Are some people more likely to respond to the placebo effect than others?
Certain personality traits are associated with it being more likely that a person will experience the placebo effect. This is logical since the placebo effect depends on our beliefs and expectations, which some of us may subscribe to more readily and enthusiastically than others.
2. Are some doctors better than others at creating the placebo effect?
Some doctors will be better placed to reinforce the hope and expectation of a placebo than others. A study that involved a placebo injection for the treatment of an allergic reaction found that symptom improvement was greater when the injection was given by a doctor conveying warmth and confidence.
3. Can a placebo help with sleep?
There is almost no end to the ways that the placebo phenomenon can manifest. In one instance researchers tricked participants into thinking they’d had more sleep than they actually had, and then observed how this affected their performance the next day.
The researchers achieved this deception by wiring their participants up to various physiological measures and then giving some of them false feedback on how much REM sleep they’d had. After hearing that they’d had an impressive amount of sleep, participants performed better on tests of language and arithmetic.
What is the nocebo effect?
If the placebo effect occurs simply because you believe a given treatment will be beneficial, it follows that if you have negative expectations, this could result in a worsening of your symptoms. That’s exactly what researchers have found and they’ve called this the “nocebo effect”. Intriguingly, nocebo effects can even occur in the presence of real pain-relieving medications, not just inert treatments.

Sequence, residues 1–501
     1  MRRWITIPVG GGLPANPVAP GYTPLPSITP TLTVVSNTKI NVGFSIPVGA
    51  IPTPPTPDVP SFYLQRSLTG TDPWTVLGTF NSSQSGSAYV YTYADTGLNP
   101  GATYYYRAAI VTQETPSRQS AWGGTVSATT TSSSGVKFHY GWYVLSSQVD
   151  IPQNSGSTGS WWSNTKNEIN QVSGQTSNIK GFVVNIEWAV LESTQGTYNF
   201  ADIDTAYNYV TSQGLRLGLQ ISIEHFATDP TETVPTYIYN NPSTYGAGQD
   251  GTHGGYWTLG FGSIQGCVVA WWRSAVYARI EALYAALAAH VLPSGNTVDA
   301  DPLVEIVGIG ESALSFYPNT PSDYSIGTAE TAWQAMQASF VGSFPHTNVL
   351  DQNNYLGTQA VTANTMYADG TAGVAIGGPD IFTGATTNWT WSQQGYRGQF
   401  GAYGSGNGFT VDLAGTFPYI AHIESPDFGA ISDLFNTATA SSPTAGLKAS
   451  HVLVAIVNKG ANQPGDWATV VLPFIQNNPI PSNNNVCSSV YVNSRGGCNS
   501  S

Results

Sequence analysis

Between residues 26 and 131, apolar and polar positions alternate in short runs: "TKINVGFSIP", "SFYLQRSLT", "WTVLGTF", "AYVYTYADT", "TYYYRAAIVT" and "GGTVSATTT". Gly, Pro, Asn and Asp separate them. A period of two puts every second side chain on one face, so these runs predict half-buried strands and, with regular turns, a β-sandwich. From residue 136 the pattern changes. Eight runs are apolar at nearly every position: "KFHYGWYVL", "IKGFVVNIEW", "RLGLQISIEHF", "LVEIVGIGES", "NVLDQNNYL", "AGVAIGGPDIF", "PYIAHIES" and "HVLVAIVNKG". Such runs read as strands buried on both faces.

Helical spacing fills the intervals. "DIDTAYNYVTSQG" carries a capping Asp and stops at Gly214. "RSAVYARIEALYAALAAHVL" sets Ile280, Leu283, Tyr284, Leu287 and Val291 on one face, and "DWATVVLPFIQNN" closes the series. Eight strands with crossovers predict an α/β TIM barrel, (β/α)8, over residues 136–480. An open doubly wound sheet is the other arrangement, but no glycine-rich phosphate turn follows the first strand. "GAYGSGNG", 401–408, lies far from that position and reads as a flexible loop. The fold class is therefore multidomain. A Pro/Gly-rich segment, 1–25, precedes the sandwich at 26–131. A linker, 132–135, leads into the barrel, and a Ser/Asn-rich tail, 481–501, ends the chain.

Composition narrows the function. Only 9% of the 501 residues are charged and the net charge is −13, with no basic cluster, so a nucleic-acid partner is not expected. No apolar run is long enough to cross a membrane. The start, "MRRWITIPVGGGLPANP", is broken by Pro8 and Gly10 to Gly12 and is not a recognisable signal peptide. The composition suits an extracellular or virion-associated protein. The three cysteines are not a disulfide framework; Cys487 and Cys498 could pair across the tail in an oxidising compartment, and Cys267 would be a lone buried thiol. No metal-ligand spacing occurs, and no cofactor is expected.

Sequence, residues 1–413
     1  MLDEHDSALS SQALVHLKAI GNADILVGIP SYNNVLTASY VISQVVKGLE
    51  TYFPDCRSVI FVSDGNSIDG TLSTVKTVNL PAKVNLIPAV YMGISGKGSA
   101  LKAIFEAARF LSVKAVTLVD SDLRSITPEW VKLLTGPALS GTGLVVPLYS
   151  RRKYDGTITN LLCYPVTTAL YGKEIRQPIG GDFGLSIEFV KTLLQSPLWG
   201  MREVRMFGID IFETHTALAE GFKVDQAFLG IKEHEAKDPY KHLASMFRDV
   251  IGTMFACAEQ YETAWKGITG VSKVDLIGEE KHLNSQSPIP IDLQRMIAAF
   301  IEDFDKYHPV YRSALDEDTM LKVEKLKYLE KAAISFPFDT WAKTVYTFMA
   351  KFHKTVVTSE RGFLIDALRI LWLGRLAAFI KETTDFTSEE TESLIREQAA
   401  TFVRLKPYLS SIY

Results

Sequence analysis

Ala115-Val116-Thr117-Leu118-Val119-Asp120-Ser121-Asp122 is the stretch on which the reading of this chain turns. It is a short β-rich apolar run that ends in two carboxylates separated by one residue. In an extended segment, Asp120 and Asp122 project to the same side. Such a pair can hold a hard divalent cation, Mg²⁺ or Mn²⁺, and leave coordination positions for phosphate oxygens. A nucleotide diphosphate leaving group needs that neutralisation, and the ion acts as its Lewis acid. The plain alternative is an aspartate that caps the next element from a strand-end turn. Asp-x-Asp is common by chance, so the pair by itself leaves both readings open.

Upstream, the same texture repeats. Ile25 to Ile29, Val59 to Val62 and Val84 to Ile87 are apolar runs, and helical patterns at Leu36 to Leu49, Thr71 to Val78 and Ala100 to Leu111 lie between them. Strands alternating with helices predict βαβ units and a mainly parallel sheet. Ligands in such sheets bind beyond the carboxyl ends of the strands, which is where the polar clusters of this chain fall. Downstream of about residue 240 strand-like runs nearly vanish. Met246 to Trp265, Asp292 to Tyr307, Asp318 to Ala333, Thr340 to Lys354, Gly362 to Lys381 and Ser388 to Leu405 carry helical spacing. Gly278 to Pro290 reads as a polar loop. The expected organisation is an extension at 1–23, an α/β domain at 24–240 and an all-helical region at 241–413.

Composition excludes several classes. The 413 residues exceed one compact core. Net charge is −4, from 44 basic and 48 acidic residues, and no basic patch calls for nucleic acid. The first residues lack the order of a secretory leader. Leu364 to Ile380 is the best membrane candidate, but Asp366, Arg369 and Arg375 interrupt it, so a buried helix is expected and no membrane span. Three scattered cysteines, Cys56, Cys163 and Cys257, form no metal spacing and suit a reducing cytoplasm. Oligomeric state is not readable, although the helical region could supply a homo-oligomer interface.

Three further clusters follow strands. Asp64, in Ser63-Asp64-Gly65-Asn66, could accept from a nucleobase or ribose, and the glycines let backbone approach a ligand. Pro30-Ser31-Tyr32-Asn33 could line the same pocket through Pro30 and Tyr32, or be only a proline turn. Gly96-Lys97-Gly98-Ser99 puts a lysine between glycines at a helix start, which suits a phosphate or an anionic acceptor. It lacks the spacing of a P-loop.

If you want to explore the placebo effect further check out this reading material:
You Are the Placebo: Making Your Mind Matter
The truth is that it happens more often than you might expect. In You Are the Placebo, Dr. Joe Dispenza shares numerous documented cases of those who reversed cancer, heart disease, depression, crippling arthritis, and even the tremors of Parkinson’s disease by believing in a placebo. Similarly, Dr. Joe tells of how others have gotten sick and even died the victims of a hex or voodoo curse—or after being misdiagnosed with a fatal illness. Belief can be so strong that pharmaceutical companies use double- and triple-blind randomized studies to try to exclude the power of the mind over the body when evaluating new drugs.
Since publication of the first edition of this book in 2008, there has been an explosion of placebo research, and this new edition brings the topic fully up to date. Throughout, the book emphasizes that there are many placebo effects and critically reviews them in different medical conditions, such as neurological and psychiatric disorders, cardiovascular and respiratory diseases, immune and hormonal responses, as well as oncology, surgery, sports medicine and acupuncture. The psychosocial context around the patient is crucial to the placebo effect, for example the doctor’s words and attitudes, and throughout this is considered.
The Placebo Effect: An Interdisciplinary Exploration
A mere symbol of medicine; the sugar pill, saline injection, doctor in a white lab coat, the placebo nonetheless sometimes produces “real” results. Medical science has largely managed its discomfort with this phenomenon by discounting the placebo effect, subtracting it as an impurity in its data through double-blind tests of new treatments and drugs. This book is committed to a different perspective, namely, that the placebo effect is a “real” entity in its own right, one that has much to teach us about how symbols, settings, and human relationships literally get under our skin.
Anne Harrington’s introduction and a historical overview by Elaine Shapiro and the late Arthur Shapiro, which open the book, review the place of placebos in the history of medicine, investigate the current surge in interest in them, and probe the methodological difficulties of saying scientifically just what placebos can and cannot do.
What Is the Placebo Effect? – WebMD – February 2020
Placebos Without Deception: Outcomes, Mechanisms, and Ethics – www.sciencedirect.com – May 2018
The placebo effect, digested – British Psychological Society – March 2019